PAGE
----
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The International Monetary Fund — and not the European Central Bank — should provide the solution to the sovereign debt crisis, wrote former IMF managing director Hendrikus Johannes Witteveen in an editorial published in the Financial Times.Witteveen argued that the creation of an IMF “debt facility” would permit the fund to provide large-scale temporary financing to heavily indebted countries by borrowing from nations who maintain larger central bank reserves — in particular China, Japan, or the Middle East.
The former IMF director — who faced the OPEC oil crisis during his tenure — argued that this would provide a far bigger pot of financing with which to aid Italy and Spain than the ECB could amass because the fund is not limited to Europe alone.
He drew numerous parallels to the oil crisis in the 1970s.
“The original facilities were helpful because the IMF’s ability to borrow is constrained by its system of financing via quotas related to the size of different countries. So when in 1973 oil prices rose sharply, Opec countries suddenly had balance of payment surpluses far larger than their quota. The facility allowed the fund, which had only relatively small amounts of their currencies, to borrow more and use the funds for loans to countries where the oil price increase had caused deficits not easily financed by commercial banks.”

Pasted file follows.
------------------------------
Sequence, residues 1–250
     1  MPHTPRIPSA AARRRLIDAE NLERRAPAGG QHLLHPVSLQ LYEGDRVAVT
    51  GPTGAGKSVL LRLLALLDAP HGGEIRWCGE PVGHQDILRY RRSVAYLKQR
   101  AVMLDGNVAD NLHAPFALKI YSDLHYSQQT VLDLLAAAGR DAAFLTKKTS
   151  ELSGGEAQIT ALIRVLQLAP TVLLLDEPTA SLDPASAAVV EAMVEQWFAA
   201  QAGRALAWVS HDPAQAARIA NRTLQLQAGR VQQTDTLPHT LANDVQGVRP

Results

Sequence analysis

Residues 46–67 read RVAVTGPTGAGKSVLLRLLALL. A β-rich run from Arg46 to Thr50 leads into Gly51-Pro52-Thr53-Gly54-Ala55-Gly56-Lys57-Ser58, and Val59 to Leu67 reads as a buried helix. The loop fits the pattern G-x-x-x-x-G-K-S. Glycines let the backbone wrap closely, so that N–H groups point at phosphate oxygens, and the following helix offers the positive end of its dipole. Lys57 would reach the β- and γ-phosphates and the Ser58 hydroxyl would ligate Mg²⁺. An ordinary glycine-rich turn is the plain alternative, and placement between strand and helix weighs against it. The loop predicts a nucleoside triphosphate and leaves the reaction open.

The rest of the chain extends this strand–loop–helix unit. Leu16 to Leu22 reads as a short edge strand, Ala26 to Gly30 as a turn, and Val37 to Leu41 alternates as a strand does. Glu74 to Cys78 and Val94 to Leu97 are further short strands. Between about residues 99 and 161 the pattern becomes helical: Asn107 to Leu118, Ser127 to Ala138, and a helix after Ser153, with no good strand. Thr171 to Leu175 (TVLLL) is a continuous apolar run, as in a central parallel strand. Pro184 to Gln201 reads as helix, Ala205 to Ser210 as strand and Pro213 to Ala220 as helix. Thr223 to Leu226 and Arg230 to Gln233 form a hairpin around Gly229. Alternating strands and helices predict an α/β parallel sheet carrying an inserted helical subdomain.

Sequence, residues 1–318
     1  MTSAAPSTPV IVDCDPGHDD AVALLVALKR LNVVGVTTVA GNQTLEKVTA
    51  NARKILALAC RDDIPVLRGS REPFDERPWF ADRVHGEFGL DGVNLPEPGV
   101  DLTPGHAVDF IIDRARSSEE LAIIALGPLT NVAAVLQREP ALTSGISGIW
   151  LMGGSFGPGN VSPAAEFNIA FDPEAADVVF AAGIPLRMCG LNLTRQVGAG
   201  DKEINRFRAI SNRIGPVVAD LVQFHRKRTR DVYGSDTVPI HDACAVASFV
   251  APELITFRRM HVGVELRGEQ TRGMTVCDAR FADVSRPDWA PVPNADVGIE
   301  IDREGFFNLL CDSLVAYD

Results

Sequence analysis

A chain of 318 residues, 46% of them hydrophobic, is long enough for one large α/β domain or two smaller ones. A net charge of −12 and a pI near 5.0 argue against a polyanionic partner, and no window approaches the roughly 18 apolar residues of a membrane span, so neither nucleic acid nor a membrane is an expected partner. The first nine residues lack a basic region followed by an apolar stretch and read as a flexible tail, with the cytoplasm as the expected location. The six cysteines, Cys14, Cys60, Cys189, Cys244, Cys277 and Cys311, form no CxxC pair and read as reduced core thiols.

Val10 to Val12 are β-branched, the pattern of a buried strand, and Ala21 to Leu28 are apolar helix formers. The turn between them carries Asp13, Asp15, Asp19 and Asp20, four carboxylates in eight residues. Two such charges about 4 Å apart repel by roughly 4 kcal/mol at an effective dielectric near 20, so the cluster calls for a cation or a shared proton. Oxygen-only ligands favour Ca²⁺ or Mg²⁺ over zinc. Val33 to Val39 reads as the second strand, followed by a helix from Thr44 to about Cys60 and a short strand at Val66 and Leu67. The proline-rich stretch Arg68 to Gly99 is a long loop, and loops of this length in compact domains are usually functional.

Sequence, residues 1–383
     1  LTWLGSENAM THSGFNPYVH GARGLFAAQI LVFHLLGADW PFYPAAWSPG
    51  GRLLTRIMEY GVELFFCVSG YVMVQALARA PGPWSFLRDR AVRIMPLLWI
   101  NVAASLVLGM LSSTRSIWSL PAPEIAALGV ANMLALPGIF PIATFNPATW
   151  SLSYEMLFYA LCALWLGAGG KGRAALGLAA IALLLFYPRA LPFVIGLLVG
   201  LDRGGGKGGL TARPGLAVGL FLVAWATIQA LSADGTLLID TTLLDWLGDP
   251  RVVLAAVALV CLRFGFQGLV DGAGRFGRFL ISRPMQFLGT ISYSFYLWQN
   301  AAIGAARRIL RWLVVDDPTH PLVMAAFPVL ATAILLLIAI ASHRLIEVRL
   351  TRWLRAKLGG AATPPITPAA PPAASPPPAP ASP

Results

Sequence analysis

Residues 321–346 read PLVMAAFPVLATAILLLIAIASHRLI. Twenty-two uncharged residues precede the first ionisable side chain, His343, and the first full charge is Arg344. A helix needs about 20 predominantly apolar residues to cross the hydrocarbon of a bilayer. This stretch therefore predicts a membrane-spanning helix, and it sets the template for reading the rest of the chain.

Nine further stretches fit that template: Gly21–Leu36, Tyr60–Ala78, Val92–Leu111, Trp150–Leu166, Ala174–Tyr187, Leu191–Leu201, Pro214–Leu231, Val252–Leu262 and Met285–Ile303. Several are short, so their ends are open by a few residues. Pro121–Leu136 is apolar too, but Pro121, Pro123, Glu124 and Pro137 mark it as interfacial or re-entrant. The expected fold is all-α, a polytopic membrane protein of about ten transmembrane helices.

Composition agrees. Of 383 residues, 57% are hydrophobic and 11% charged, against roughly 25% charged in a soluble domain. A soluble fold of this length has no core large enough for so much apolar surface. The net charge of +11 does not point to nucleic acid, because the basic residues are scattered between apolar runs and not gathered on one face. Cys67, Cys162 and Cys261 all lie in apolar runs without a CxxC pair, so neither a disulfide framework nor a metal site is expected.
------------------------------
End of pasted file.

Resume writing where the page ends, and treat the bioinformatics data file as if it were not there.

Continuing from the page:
Witteveen also implied that the IMF could hold nations to more stringent economic policies than the ECB.
“A final advantage would be to bring big countries such as Italy and Spain under IMF conditionality. The fund could then take over the work of the ECB, whose courageous buying of indebted countries’ bonds requires adequate fiscal policies. This is clearly more the task of the IMF than of the ECB. It would restore market confidence, so the financing can eventually be taken over again by the normal market mechanisms.
International action is now urgent to avert a vicious recessionary cycle, which many governments – bound by their debt problems – would be unable to counter, even becoming a recessionary force themselves.”